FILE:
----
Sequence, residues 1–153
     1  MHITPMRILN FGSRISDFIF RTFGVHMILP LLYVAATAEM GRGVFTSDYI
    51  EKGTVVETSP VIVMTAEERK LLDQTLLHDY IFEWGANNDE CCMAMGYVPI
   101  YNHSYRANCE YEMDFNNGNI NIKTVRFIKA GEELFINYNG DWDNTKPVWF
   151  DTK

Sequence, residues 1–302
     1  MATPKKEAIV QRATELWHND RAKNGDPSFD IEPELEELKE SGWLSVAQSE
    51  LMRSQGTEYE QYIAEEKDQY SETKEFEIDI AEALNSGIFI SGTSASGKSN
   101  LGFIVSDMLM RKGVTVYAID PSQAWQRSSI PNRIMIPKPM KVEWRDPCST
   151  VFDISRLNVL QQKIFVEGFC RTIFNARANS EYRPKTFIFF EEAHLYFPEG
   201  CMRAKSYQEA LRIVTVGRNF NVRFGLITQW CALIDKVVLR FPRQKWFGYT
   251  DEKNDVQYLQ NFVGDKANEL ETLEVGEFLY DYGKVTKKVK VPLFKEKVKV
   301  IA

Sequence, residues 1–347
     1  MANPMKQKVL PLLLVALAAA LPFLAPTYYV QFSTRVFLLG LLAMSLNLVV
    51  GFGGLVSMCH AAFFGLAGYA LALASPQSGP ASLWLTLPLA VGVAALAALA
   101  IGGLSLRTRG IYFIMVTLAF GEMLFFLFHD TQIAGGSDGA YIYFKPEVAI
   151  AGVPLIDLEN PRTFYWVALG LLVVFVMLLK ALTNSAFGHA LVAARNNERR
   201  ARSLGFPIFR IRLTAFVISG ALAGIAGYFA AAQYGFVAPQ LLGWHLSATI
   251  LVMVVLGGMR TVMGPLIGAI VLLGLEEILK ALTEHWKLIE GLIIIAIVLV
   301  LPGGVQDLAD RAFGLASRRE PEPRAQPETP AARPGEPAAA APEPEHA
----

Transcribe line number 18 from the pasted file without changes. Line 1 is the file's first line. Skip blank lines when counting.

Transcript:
   151  AGVPLIDLEN PRTFYWVALG LLVVFVMLLK ALTNSAFGHA LVAARNNERR